• For The Wall Street Journal (subscription required), Jess Bravin writes that “[f]or Chief Justice John Roberts, required by the Constitution to preside when the Senate tries a president, the impeachment of Donald Trump offers a chance to distinguish the judiciary from the partisanship engulfing the Capitol.”
  • In the latest episode of Law360’s The Term podcast, Jimmy Hoover and Natalie Rodriguez “look ahead to how the Supreme Court’s newly bolstered conservative majority will flex its muscle the rest of this term and those to come.”
  • At The Faculty Lounge, Steve Lubet considers Justice Ruth Bader Ginsburg’s “controversial observations on the impending Trump impeachment,” suggesting that although some commentators find “the current interview … deeply problematic, … I think there is a more benign interpretation.”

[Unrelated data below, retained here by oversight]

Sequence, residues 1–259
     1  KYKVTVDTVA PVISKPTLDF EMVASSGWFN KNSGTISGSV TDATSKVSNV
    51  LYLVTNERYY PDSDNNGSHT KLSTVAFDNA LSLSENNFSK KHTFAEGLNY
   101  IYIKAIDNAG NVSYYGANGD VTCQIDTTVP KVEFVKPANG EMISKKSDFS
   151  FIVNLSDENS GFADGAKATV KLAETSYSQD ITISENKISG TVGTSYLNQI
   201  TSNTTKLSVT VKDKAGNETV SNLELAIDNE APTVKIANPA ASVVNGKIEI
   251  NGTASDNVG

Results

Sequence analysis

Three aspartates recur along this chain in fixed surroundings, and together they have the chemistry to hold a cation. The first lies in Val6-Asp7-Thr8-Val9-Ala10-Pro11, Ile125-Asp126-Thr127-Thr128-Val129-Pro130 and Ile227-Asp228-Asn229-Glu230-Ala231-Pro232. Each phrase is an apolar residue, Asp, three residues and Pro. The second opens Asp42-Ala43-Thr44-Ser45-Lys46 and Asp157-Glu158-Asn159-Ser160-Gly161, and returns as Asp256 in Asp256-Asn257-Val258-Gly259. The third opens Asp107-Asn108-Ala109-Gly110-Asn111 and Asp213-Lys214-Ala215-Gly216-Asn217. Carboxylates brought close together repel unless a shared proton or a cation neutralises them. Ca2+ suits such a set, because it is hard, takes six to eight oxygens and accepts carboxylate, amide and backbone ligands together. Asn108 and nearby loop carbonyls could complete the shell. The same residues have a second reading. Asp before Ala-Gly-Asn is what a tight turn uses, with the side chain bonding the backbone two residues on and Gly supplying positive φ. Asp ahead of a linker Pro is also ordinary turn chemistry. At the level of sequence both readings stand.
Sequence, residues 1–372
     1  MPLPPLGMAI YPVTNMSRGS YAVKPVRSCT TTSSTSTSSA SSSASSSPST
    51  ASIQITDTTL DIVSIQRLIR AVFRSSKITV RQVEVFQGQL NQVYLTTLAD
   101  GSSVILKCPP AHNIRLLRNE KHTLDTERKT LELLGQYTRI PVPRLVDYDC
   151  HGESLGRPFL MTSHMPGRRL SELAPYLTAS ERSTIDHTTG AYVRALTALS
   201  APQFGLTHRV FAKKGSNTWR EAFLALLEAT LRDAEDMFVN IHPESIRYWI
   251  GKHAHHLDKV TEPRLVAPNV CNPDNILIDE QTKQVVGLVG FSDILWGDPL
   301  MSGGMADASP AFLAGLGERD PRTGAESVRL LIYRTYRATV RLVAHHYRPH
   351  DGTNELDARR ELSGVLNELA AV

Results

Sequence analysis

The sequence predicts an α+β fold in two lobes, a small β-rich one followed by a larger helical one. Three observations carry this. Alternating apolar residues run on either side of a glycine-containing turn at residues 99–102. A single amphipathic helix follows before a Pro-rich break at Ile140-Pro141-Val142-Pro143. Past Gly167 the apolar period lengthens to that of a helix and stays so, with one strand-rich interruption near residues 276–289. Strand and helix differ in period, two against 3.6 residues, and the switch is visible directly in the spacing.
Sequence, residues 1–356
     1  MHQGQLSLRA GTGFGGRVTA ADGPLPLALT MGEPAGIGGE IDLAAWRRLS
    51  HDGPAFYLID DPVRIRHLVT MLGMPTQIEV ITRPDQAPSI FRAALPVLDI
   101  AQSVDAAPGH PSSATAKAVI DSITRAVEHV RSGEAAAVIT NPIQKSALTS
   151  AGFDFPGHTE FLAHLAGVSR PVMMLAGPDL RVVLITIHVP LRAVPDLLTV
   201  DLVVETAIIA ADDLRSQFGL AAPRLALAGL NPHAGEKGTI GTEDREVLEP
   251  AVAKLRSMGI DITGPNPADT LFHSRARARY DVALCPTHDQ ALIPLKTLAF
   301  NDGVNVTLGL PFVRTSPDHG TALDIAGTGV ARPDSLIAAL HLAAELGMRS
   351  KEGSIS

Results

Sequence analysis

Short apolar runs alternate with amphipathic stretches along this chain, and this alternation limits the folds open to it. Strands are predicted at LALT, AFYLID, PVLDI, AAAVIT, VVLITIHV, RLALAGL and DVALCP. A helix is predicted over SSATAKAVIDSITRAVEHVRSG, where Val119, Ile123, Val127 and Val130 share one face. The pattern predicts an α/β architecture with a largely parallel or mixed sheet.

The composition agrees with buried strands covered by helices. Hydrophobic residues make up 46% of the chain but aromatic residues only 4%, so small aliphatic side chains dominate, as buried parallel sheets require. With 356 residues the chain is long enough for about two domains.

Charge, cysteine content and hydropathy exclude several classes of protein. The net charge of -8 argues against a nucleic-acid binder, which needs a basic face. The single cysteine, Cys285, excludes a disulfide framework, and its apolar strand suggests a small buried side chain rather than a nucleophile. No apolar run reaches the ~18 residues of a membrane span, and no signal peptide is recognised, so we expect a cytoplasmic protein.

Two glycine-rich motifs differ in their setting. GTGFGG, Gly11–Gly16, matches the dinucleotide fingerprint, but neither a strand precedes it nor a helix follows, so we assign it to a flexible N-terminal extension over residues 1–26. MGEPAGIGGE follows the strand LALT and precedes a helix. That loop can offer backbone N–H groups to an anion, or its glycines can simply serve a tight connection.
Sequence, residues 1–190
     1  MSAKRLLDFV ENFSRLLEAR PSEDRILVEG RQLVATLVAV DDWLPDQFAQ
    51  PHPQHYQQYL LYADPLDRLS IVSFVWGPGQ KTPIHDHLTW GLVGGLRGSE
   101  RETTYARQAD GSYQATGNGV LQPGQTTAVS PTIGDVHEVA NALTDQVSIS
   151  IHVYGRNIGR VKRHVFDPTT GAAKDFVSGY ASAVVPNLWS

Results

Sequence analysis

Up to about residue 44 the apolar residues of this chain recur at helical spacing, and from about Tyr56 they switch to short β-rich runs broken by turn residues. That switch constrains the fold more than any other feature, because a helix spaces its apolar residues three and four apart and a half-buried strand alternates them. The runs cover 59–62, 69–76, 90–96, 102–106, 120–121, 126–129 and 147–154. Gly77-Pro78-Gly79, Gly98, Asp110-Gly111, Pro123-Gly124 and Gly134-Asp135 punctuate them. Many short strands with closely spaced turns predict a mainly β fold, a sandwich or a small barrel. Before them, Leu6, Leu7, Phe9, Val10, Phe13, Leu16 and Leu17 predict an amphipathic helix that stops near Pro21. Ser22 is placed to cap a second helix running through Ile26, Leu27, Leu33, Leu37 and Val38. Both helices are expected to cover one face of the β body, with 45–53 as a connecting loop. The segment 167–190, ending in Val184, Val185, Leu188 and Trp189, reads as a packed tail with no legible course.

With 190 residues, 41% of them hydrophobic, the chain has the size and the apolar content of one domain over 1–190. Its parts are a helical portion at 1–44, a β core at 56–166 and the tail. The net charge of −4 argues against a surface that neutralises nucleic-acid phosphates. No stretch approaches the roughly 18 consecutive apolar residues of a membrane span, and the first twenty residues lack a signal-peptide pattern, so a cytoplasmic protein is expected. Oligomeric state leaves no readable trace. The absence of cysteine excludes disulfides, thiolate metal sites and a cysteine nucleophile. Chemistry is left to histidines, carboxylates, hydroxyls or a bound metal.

• At Vox (via How Appealing), Ian Millhiser writes that if the Supreme Court “defines the word ‘minister’ broadly” in a pair of consolidated cases about the “ministerial exception” to job-discrimination laws, “that could potentially exempt many employees from the protection of civil rights laws, opening them up to discriminatory actions by the religious institutions they work for.”
  • In an op-ed for The New York Times, Linda Greenhouse remarks that this term’s decisions in a trio of cases involving Trump’s efforts to shield his financial records from subpoenas issued to his accountant and lenders by a New York grand jury and three congressional committees, “will give the country much-needed clarity about the Supreme Court.”

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Posted in Round-up

Recommended Citation: Edith Roberts, Friday round-up, SCOTUSblog (Dec. 20, 2019, 7:07 AM),